How To Be True To You

How To Be True To You

――Give wisely and carry a big stick

I knew a man, a very tall and spare and gentle man, for several years before I found out that he visited prisoners in our county jail, week in and week out for decades. He would write letters for them, carry messages, fetch clothing or books. But mainly he just offered himself. He didn’t preach to them, didn’t pick and choose between the likable and the nasty, didn’t look for any return on his kindness. All that mattered was that they were in trouble.

Why did he spend time with out-casts when he could have been golfing or watching TV? “I go in case everyone else has given up on them,” he told me once. “I never give up.”

Never giving up is a trait we honor in athletes, in soldiers, in survivors of disaster, in patients recovering from severe injuries. If you struggle bravely against overwhelming odds, you’re liable to end up on the evening news. But in less flashy, less news-worthy FOR Ms, fidelity to a mission or a person or an occupation shows up in countless lives all around us.

It shows up in parents who will not quit loving their daughter even after she dyes her hair purple and tattoos her belly and runs off with a rock band. It shows up in couples who choose to mend their marriages instead of filing for divorce. It shows up in volunteers at the hospital or library or women’s shelter or soup kitchen. It shows up in unsung people everywhere who do their jobs well, not because the supervisor is watching or because they are paid gobs of money but because they know their work matters.

When my son Jesse was in sixth grade, his teacher was diagnosed with breast cancer. She told the children about the disease, about the surgery and therapy, and about her hopes for recovery. Jesse came home deeply impressed that she had trusted them with her news. She could have stayed home for the rest of the year. On mastectomy healed, she began going in to school one afternoon a week, then two, then a full day, then two days and three.

When a parent worried aloud that she might be risking her health for the sake of the children, the teacher scoffed, “Oh, heavens, no! They’re my best medicine.” Besides, these children would only be in sixth grade once, she said, and she meant to help them all she could while she had the chance.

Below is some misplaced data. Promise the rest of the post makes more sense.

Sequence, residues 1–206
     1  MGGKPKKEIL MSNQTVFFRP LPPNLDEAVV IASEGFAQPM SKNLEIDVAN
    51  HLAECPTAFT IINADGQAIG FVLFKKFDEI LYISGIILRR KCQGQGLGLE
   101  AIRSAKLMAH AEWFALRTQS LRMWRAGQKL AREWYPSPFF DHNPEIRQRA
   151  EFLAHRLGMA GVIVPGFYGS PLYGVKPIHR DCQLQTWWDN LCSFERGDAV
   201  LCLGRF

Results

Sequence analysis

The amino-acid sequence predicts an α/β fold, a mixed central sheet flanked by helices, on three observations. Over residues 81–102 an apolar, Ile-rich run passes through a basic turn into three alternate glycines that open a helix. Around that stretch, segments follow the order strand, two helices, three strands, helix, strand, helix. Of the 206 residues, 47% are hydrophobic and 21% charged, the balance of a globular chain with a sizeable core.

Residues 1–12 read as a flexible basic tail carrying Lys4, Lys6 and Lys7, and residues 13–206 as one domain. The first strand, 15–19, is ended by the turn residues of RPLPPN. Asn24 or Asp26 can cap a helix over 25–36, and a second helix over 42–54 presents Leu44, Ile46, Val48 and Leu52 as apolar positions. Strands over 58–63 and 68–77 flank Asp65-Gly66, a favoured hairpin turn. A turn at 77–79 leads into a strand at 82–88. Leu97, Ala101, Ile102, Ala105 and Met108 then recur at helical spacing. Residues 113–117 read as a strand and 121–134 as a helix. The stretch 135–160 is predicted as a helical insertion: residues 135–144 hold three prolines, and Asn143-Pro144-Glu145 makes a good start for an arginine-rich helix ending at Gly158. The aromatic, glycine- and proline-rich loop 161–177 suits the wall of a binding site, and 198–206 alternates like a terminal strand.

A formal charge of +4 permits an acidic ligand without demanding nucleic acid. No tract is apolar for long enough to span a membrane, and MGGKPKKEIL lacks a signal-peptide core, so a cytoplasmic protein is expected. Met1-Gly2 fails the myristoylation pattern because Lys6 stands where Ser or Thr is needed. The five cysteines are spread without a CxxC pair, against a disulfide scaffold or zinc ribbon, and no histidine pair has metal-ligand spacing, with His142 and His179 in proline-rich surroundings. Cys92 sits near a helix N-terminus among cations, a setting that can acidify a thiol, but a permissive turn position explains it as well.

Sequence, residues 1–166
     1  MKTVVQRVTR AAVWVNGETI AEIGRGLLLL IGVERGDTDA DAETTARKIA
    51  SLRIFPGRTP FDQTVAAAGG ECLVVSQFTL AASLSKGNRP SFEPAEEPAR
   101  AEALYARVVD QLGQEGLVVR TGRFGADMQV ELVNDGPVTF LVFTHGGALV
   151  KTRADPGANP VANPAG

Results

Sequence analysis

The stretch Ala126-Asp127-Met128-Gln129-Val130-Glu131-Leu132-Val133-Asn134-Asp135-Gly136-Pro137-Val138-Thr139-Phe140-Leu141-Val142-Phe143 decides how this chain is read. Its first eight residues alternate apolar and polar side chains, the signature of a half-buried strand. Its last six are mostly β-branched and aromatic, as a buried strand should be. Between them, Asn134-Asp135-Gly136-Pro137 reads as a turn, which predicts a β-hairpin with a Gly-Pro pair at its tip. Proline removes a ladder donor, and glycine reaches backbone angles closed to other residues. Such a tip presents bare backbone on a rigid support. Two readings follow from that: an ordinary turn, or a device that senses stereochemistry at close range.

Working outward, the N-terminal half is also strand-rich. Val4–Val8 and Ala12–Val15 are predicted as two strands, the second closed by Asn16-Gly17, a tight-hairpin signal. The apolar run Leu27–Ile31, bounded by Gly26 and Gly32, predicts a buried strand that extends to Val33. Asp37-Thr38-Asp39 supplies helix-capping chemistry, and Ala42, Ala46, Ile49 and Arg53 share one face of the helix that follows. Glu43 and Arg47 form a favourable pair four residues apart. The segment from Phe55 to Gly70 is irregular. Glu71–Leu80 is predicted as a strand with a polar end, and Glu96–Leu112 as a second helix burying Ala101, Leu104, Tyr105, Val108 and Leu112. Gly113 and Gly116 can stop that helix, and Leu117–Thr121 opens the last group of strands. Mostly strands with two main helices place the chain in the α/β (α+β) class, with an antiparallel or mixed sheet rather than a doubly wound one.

The therapy must have worked, because ten years later she’s going strong. When I see her around town, she always asks about Jesse. Is he still so funny, so bright, so excited about learning? Yes, he is, I tell her, and she beams.

A cause needn’t be grand, it needn’t impress a crowd to be worthy of our commitment. I have a friend who built houses Monday through Friday for people who could pay him and then built other houses for free on Saturday with Habitat for Humanity. A neighbor makes herself available to international students and their families, unbridling for them the puzzles of living in this new place. Other neighbors coach soccer teams, visit the sick, give rides to the housebound, tutor dropouts, teach adults to read.

I could multiply these examples a hundredfold without ever leaving my county. Most likely you could do the same. Any community worth living in must have a web of people faithful to good work and to one another, or that community would fall apart.

To say that fidelity is common is not to say it’s easy, painless or free. It costs energy and time, maybe a lifetime.

And every firm yes we say requires many a firm no. One Sunday I was talking the man who visited prisoners in jail, when a young woman approached to ask if he would join the board of a new peace group she was organizing. In a rush of words she told him why the cause was crucial, why the cause was crucial, why the time was ripe, why she absolutely needed his leadership. Knowing this man’s sympathies, I figured the would agree to serve. But after listening to her plea, he gazed at her soberly for a moment, then said, “That certainly is a vital concern, worthy of all your passion. But it is not my concern.”

The challenge for all of us is to find those few causes that are peculiarly our own–those to which we are clearly called and then to embrace them with all our heart. By remaining faithful to a calling, we can create the conditions for finding a purpose and a pattern in our days.

If you imagine trying to solve all the world’s problems at once, though, you’re likely to quit before you finish rolling up your sleeves. But if you stake out your own workable territory, if you settle on a manageable number of causes, then you might accomplish a great deal, all the while trusting that others elsewhere are working faithfully in their own places.
















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